Small businesses have been targeted by phone hackers costing them billions last year, reports the New York Times.» Read More
Shielding assets from the tax man or from overly inquisitive regulators is a time-honored strategy for the wealthy. Some turn to secretive financial havens like Switzerland or the Cayman Islands. Or there’s always Fernley, Nevada.
CNBC's David Faber has the details on the FCC's prohibiting LightSquared from ground-based mobile services.
Citigroup was forced to write off $50 million after two traders accused of attempting to influence global lending rates left the bank, according to people familiar with a worldwide investigation that is gathering pace, the Financial Times reports.
More than a dozen traders and brokers in London and Asia have been fired, suspended or put on leave by their employers as a multinational probe into alleged manipulation of crucial global lending rates accelerates, the Financial Times reports.
Unregistered passengers might have been aboard the stricken cruise liner that capsized off the Tuscan island of Giglio, a top rescue official said, raising the possibility that the number of missing might be higher than previously announced.
CNBC's Eamon Javers has the details on the government's settlement against BofA's Countrywide unit.
The Department of Justice confirms that it's probing the amount Apple charges for electronic books, or e-books, with CNBC's Jon Fortt.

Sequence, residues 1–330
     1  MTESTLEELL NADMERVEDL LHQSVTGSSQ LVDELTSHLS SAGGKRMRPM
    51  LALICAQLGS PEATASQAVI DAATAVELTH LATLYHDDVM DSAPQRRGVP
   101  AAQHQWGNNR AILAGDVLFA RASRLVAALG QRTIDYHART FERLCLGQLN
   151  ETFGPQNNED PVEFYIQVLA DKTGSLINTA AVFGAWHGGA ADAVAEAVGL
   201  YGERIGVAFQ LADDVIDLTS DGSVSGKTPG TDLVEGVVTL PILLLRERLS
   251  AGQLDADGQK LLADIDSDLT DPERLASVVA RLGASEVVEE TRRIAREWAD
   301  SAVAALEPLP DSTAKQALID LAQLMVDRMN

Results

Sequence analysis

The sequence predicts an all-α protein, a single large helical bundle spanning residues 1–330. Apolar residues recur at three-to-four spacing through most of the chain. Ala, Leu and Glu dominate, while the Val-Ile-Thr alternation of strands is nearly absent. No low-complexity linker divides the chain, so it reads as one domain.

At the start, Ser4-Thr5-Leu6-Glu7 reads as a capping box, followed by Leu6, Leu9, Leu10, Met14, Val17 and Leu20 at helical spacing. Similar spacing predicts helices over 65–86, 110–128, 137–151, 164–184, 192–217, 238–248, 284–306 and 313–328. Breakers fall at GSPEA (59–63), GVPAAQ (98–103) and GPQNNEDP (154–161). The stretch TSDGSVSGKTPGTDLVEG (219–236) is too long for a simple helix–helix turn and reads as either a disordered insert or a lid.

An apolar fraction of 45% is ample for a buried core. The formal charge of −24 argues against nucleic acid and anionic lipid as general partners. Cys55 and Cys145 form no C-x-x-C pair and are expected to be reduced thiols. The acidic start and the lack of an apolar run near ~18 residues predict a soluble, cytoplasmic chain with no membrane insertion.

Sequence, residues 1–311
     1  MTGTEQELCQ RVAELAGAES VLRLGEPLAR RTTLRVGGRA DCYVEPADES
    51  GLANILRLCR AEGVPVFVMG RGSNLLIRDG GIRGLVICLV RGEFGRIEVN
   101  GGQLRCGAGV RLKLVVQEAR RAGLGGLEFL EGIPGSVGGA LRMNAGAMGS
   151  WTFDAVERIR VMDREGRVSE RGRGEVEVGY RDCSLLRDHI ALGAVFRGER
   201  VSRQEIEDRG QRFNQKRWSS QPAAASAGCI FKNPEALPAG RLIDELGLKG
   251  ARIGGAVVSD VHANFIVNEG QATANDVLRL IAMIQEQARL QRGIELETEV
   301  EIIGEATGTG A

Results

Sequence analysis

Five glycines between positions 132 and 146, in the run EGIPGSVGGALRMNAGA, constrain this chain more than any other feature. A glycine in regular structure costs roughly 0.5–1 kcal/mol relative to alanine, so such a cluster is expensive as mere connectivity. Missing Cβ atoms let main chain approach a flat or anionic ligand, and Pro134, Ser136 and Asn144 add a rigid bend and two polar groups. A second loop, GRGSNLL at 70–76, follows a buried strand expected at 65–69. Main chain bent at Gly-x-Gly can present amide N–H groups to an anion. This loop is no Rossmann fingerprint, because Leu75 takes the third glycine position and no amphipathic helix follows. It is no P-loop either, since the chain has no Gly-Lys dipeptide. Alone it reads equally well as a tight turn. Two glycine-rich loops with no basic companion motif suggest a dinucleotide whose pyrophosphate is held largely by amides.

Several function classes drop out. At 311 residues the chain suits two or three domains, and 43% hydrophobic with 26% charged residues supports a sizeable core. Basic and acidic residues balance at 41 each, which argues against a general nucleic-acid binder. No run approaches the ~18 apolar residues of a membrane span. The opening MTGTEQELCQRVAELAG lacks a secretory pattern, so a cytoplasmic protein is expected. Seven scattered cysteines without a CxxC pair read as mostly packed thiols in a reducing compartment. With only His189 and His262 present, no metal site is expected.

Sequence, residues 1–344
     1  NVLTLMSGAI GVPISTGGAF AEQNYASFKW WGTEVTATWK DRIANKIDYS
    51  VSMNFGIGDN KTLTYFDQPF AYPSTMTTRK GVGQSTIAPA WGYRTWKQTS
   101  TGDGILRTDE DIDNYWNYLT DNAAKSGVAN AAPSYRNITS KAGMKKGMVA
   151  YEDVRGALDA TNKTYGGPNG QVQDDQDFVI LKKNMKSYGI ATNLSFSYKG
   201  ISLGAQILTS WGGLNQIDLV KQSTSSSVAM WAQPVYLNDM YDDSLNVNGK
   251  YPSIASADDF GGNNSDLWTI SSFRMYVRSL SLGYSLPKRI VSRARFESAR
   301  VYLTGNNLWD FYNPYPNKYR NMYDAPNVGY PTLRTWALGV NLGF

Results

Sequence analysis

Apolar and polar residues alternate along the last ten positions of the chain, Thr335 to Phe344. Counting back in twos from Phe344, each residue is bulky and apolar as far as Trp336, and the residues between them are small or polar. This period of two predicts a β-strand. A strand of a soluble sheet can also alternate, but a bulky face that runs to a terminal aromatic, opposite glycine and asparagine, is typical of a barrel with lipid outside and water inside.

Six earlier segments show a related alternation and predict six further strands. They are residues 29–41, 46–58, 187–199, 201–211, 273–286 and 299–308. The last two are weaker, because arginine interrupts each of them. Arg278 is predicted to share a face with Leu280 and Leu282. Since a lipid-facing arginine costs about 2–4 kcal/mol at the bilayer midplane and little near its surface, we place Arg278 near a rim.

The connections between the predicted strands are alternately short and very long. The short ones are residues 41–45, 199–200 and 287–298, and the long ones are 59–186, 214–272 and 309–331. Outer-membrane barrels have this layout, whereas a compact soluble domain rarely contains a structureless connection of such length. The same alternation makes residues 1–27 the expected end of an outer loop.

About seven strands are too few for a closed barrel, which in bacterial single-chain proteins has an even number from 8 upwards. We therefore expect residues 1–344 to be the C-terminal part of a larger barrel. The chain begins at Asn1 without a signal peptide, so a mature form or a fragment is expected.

The federal judge overseeing the civil and criminal insider trading cases against former Goldman Sachs board member Rajat Gupta has put much of the civil case on hold, in a victory for prosecutors.
Republican presidential candidates are issuing biting and sustained attacks on the federal courts and the role they play in American life. The New York Times reports.
Kevin Smith, Solar Reserve CEO, discusses government loan guarantees and the future of thermal energy amid the Solyndra bankruptcy scandal.
CNBC's Darren Rovell has the details on an alleged ponzi scheme that hit the high stakes poker world.
The former IMF chief admitted to a “moral failing” but denied he had sexually assaulted a New York hotel maid in a widely-anticipated interview on French television.
The tables may be turned on one former SEC official. He may soon be investigated by the Justice Department for a potential conflict in the Madoff case: He was responsible for the agency's proposal for victim compensation even though he had a financial interest in the outcome.
Regulators are nearing a settlement with Fannie Mae and Freddie Mac over whether the mortgage finance giants adequately disclosed their exposure to risky subprime loans, bringing to a close a three-year investigation. The New York Times reports.
Dominique Strauss-Kahn returned home to France on Sunday, for the first time since attempted rape accusations by a New York hotel maid unleashed an international scandal that dashed the former International Monetary Fund chief's chances for the French presidency.
The week's top business news and investment advice, including telecom and retail picks, with CNBC's Oriel Morrison.
How much do you know about the business side of the aerospace and defense industries? Take our quiz and find out.
With the government seeking to block AT&T's deal to buy T-Mobile, investors were scrambling Wednesday. Find out where the Fast traders see opportunity.
The Fast Money traders weigh in on the winners and losers in the Justice Department's decision to block AT&T's acquisition of T-Mobile, and CNBC's Jon Fortt with a look at the impact the scuttled merger will have on the rest of the wireless universe.
Eric T. Schneiderman, the attorney general of New York, has come under increasing pressure from the Obama administration to drop his opposition to a wide-ranging state settlement with banks over dubious foreclosure practices, the New York Times reports.